I’ve been thinking about application blocks lately. It turns out that of all the things that our team (Patterns & Practices) application blocks seem to be the one thing that people most easily connect with. The problem I have is that there are so many good ideas that could be made into application blocks that our team could never get them all done. The more I thought about this the more I began to wonder if there was some way in which we could turn the community loose on application blocks and let them build their own.
Of course, the community doesn’t really need our permission to do this, however I have found that the community tends to be more active and responsive when we help to organize their efforts a bit. Our first attempt at doing this was with the Data Access Block workspace. We shipped this block with support for SQL Server only, but many of our customers said they wanted to have a version that supported Oracle, OLE-DB or DB2. We took a hard look at this request and decided to give the block to the community and to just let them do it with the hope that the community would extend the block to add this support. So far I would say that the experiment has been a great success.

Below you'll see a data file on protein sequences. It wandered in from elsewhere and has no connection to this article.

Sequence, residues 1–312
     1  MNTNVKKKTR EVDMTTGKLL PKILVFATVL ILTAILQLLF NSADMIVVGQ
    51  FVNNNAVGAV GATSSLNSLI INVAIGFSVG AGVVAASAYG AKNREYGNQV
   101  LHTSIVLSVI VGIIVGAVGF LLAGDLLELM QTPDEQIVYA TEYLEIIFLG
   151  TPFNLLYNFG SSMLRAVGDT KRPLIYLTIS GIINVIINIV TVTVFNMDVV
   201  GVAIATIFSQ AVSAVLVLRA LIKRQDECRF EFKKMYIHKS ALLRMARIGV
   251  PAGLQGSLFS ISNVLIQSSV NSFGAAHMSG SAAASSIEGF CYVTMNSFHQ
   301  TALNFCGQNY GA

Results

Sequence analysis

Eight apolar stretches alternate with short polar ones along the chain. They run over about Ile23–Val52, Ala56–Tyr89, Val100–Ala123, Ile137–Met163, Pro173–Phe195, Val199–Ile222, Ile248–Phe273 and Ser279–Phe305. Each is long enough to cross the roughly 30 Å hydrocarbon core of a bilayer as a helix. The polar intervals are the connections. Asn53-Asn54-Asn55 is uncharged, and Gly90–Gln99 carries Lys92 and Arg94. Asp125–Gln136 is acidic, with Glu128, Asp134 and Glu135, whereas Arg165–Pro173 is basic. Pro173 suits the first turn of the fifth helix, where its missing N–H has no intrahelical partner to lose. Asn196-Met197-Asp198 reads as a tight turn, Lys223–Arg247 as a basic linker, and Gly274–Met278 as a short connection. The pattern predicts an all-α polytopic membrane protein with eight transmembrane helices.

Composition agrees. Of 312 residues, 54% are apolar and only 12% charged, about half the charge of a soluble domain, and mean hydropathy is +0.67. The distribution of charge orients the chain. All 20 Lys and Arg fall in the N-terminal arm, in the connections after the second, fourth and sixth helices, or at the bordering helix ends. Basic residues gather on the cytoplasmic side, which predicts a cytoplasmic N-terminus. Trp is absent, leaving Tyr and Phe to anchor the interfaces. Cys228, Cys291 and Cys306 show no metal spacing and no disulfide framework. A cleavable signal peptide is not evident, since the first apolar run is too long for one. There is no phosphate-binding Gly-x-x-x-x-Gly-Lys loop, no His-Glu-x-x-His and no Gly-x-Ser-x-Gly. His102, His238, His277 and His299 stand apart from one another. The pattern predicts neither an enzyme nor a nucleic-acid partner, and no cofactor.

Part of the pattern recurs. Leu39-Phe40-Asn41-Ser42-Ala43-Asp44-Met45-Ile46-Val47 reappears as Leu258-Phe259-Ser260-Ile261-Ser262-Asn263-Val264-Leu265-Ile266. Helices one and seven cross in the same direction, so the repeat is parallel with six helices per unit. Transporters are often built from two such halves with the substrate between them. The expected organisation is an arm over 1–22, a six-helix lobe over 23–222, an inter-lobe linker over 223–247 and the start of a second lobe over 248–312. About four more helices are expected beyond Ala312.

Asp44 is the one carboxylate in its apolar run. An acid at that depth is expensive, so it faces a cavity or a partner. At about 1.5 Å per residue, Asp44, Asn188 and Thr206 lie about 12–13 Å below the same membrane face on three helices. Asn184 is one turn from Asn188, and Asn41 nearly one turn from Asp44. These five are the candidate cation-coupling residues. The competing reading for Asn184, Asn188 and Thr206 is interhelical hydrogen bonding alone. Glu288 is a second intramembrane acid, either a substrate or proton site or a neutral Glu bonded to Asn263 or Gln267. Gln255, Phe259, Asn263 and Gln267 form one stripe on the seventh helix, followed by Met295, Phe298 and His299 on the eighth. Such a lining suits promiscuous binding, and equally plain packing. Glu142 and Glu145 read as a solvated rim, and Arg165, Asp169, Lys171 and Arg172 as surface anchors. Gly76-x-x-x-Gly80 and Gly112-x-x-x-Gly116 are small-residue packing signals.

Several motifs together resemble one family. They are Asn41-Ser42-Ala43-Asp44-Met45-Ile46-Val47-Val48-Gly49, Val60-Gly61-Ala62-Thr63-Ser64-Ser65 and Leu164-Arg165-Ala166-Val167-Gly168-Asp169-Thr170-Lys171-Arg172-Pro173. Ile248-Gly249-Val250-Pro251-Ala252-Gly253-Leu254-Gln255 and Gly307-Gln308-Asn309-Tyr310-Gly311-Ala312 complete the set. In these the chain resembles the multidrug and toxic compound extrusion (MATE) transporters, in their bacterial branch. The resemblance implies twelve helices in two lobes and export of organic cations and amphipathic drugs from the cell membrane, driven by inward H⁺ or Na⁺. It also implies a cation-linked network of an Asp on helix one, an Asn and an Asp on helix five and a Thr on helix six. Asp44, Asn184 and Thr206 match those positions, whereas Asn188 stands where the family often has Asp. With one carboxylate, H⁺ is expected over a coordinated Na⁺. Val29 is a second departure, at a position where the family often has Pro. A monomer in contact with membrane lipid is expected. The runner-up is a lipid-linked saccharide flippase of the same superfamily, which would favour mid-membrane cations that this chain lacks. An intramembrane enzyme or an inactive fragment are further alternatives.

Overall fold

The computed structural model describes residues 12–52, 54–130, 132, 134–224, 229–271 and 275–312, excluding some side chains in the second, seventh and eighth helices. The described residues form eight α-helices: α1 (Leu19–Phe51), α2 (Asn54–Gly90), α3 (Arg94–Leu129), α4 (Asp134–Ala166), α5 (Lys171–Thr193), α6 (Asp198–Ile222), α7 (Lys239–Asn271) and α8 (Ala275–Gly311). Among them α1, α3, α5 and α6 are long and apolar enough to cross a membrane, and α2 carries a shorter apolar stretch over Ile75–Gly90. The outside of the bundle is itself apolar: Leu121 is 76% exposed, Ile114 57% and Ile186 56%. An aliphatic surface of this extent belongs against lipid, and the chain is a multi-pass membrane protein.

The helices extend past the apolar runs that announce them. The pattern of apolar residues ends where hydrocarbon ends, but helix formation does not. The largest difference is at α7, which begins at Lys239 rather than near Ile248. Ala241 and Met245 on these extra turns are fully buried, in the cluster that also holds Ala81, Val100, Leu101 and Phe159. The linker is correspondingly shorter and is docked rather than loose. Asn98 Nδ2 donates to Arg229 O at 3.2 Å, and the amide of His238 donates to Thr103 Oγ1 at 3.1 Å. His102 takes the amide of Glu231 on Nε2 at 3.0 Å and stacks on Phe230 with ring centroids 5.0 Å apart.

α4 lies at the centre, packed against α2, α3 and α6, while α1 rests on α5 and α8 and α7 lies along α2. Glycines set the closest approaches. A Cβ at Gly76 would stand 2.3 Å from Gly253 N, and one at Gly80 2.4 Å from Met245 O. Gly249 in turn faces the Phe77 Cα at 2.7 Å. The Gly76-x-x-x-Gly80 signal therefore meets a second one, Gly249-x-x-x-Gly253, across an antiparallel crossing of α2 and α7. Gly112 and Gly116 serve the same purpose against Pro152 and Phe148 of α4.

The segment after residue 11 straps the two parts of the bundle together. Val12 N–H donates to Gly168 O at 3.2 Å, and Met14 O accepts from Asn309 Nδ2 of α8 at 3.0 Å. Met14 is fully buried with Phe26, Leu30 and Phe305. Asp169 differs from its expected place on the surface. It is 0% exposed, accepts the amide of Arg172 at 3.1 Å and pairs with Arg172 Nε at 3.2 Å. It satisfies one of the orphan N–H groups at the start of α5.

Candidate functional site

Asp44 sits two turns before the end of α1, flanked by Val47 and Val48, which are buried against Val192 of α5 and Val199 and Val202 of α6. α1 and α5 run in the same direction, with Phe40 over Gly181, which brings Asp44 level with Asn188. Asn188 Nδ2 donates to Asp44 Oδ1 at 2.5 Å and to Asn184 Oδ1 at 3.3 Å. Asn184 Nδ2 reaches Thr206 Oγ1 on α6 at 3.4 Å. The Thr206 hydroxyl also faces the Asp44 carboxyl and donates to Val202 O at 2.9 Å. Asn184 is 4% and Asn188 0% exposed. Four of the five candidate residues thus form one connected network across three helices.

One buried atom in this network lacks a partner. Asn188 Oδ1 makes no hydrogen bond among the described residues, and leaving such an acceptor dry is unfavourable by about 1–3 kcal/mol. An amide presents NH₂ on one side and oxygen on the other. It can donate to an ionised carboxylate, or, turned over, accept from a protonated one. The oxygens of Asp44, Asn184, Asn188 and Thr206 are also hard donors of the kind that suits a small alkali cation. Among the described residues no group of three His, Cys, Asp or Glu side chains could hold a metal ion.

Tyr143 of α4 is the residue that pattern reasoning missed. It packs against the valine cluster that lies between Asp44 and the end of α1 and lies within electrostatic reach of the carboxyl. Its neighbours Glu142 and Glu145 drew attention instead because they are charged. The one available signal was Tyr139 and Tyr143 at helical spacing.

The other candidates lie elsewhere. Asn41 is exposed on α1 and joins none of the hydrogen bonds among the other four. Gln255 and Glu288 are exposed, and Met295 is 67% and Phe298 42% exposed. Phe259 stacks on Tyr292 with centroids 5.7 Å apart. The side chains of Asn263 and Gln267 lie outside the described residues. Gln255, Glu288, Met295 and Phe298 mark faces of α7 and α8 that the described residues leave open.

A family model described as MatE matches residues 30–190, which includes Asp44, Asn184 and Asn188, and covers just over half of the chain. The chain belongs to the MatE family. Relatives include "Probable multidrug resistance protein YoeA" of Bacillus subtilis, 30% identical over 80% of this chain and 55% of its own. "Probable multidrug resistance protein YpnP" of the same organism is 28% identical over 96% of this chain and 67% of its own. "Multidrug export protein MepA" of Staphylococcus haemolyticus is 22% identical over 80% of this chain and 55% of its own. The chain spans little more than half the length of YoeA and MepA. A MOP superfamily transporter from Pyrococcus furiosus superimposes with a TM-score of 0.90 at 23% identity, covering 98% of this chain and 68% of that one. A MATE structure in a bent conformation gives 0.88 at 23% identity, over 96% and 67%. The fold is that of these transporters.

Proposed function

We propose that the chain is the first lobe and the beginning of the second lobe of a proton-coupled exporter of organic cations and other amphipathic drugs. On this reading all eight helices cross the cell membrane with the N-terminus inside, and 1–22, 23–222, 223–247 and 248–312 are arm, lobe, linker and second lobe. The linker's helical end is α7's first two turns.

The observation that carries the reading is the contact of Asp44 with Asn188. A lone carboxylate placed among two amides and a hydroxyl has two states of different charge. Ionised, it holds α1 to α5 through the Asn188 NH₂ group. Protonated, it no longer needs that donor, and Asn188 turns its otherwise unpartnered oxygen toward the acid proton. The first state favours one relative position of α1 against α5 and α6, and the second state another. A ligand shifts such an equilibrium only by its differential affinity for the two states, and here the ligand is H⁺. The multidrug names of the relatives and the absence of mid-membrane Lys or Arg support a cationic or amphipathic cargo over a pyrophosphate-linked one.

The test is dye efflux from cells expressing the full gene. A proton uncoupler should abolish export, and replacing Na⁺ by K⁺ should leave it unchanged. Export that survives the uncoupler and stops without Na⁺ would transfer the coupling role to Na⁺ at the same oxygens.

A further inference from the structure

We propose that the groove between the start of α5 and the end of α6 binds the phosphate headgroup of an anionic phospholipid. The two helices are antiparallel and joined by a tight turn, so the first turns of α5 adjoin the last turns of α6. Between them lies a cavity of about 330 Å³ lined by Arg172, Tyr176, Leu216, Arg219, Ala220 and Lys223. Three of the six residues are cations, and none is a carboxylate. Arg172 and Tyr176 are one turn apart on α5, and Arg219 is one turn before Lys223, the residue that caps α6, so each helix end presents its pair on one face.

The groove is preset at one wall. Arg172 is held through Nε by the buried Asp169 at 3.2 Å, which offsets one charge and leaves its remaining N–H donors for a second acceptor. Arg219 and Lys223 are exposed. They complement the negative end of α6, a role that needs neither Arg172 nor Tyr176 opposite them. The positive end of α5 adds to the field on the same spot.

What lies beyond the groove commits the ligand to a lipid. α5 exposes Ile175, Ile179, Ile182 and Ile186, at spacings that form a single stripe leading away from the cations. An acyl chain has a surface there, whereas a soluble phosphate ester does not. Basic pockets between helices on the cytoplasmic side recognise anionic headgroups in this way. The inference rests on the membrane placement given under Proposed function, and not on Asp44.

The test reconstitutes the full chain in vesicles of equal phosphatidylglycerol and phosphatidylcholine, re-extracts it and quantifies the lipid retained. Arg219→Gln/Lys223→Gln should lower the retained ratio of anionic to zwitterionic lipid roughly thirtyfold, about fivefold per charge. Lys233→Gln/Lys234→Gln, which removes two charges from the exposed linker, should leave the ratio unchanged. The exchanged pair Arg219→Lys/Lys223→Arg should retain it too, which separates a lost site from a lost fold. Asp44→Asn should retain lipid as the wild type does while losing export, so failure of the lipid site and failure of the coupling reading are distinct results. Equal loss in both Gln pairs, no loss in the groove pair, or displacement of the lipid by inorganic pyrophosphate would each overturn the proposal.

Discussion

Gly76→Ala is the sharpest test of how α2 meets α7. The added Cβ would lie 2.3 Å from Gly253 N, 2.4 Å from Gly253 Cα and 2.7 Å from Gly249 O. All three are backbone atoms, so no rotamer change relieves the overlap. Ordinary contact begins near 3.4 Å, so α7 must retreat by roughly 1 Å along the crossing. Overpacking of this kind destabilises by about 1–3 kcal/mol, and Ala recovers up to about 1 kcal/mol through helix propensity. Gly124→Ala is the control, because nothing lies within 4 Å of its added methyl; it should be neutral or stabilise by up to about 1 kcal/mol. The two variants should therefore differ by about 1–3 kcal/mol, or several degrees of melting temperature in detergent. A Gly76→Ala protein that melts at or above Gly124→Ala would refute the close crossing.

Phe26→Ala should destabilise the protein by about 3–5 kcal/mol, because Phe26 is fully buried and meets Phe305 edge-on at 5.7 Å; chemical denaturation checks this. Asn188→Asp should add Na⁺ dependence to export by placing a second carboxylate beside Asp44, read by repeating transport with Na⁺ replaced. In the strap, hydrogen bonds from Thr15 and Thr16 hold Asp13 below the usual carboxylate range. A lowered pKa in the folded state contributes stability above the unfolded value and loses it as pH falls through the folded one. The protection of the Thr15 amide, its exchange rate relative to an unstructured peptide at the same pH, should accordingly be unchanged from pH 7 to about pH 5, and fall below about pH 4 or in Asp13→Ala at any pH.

Now I am thinking of repeating the process with the Caching application block. I have a number of enhancements that I would like to see made to this block and so I am putting together a spec which will guide the community on the development. The question I have in my mind is will people feel comfortable using an application block called “GotDotNet.ApplicationBlock” rather than “Microsoft.ApplicationBlock”.
My feeling is that if the community block included a full suite of NUnit tests that most people would feel comfortable using it. What do you think? Would you feel comfortable using a community block? What blocks would you like to see the community develop?